Happy Sunday, everyone. We usually begin this column in a light-hearted manner before moving on to recap some of the week’s stories, but obviously, there are other things on everyone’s minds this week, like the recent disasters in Japan. It would be wrong to keep updating the site without so much as a mention of the tragedy that befell the Japanese people — and everyone else affected by the disasters — this past week, so this is like our acknowledgement of it all.
In the context of the site, I guess the first question on a lot of our minds when we found out about the earthquakes this past week was how the game developers and publishers we adore and admire were doing. This doesn’t mean we didn’t care about everyone else…just that the people you’re familiar with are the ones that your immediate thoughts go out to.
The two disasters reported on most frequently this past week were the earthquakes and aftershocks in Sendai and Tokyo, and the resulting tsunami. While Sendai and the surrounding areas took the brunt of the impact, Tokyo saw its own share of damage, and it’s where a lot of our game developer friends are.
So far, we know that 5pb, CyberConnect2, Square Enix, Marvelous Entertainment, Namco Bandai, Konami, Nintendo, Mistwalker, JAST USA, EasyGameStation, Falcom, Dengeki, Nexton, Hendane, Circus, Carnival, Grasshopper Manufacture, Gungnir, Cave, Taito, Age, Game Arts, 8-4, Tango Game Works and Sega are, for the most part, okay.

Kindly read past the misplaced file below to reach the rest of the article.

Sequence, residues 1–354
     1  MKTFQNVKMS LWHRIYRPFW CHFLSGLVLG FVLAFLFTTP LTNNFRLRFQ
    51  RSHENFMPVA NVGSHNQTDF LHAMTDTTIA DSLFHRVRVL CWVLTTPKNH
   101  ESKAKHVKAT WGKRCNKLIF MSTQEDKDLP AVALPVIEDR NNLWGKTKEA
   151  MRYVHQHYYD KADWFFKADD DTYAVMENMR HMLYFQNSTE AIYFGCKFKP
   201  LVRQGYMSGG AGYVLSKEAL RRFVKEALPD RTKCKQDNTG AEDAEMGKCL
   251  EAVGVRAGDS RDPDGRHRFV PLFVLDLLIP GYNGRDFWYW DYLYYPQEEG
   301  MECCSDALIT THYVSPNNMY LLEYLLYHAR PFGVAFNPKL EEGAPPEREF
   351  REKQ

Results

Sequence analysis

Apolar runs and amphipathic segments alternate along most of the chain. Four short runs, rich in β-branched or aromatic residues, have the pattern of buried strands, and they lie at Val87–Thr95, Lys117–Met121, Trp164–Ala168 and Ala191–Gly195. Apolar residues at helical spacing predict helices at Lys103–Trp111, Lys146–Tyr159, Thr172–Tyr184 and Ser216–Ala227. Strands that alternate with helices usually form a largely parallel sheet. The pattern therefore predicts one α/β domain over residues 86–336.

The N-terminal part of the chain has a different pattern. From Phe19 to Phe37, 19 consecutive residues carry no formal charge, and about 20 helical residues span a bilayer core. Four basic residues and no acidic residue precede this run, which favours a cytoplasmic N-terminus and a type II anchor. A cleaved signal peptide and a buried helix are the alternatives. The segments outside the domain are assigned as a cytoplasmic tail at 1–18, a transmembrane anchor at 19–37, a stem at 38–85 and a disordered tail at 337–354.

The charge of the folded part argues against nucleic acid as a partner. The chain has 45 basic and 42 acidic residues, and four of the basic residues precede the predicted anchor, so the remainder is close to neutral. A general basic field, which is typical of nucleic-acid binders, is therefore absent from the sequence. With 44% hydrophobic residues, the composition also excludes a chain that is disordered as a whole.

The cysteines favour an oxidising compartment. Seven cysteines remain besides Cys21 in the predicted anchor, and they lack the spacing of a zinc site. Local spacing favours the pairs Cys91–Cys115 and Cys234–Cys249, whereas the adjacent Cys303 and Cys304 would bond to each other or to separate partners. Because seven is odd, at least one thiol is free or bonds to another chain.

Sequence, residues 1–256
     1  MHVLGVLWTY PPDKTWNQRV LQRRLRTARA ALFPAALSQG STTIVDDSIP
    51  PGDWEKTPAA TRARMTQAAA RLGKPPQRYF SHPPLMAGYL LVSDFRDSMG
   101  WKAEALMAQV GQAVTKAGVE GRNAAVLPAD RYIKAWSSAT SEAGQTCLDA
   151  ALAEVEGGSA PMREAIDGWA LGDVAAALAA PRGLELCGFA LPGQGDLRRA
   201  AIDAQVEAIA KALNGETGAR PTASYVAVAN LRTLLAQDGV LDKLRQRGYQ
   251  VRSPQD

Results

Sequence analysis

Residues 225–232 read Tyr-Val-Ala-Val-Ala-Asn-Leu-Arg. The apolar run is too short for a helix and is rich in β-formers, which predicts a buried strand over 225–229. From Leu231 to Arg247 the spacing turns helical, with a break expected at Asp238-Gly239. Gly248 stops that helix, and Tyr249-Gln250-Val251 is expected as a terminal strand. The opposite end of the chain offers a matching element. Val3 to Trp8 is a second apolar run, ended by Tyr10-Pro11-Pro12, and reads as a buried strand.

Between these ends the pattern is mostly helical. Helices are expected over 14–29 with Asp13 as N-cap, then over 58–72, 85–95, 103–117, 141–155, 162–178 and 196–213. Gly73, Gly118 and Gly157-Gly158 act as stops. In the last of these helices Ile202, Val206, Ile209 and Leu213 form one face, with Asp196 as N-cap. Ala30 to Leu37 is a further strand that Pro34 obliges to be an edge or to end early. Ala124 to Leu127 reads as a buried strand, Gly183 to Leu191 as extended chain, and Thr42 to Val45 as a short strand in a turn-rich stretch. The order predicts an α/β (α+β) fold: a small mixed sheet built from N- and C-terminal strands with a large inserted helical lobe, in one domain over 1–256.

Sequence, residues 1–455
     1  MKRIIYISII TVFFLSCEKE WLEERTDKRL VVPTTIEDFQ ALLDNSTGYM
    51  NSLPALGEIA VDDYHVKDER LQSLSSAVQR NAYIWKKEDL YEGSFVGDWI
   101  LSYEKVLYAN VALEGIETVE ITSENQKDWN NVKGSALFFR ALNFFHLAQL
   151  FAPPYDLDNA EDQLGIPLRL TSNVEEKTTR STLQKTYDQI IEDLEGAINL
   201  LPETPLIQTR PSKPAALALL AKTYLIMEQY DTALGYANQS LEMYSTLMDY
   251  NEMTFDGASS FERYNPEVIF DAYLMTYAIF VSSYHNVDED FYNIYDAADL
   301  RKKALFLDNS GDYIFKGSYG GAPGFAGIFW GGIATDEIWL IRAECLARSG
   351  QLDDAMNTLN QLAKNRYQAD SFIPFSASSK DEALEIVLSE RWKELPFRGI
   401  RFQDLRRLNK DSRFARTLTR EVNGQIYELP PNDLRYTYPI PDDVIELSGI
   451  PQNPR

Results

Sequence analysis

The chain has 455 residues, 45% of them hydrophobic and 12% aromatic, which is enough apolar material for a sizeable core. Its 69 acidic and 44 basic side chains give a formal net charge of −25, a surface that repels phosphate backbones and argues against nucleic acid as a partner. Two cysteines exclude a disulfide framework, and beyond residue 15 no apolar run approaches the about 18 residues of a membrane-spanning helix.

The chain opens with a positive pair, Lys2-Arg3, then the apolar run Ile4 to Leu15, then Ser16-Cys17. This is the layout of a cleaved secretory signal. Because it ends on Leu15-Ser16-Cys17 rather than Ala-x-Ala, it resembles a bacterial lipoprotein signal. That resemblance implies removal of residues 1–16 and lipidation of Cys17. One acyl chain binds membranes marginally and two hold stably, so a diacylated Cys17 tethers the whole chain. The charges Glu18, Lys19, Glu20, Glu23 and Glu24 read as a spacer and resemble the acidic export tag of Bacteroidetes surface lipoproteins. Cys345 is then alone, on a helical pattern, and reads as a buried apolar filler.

This news comes via various Twitter feeds, blogs, our own friends at those companies with whom we managed to get in touch, and other equally concerned friends like Novelnews’ Zalas3 and Falcom fan-site EndlessHistory’s Floofy. At their own site, Anime News Network have a list of Twitter updates from various members of the entertainment industry.
Unfortunately, there’s no way to find out specifics on just how much “extended” damage has been done to these companies by way of losing friends, family or colleagues at remote offices. For example, Capcom’s Yoshinori Ono tweeted yesterday that some of their R&D staff’s families were in one of the disaster-stricken areas, and they don’t know how they’re doing.
Naturally, game developers are a fraction of the people that were affected in the earthquakes and the following tsunami this past week. As recently as yesterday, efforts were being made to prevent further crises at nuclear power plants in Fukushima. If you’d like to keep abreast of these happenings, IDG News’ Tokyo bureau chief, Martyn Williams, has been doing a fantastic job of keeping on top of the situation.
If you’d like to help out by donating to disaster relief funds, the most reliable way is through Red Cross. The most convenient way to donate is to text REDCROSS to 90999, and a $10 donation will automatically be charged to your phone bill.
I could talk about the severity of the damage done to Japan as a whole as a result of this disaster, but I doubt I need to. A lot of you have likely already seen the images and the news reports. It isn’t pretty, and it’ll be a long time before a lot of lives return to normal in every part of the world that was affected by the tragedy.
I guess the one thing I would like to mention within the context of our industry is that the disaster will certainly affect Japanese entertainment companies in some manner or the other, and it would be nice if everyone could express a little understanding and tolerance in the weeks, or maybe even months to come, as Japan tries to get back on its feet. Remember, both lives and entire livelihoods were damaged this week.
Image sourced from Reuters via ABC News.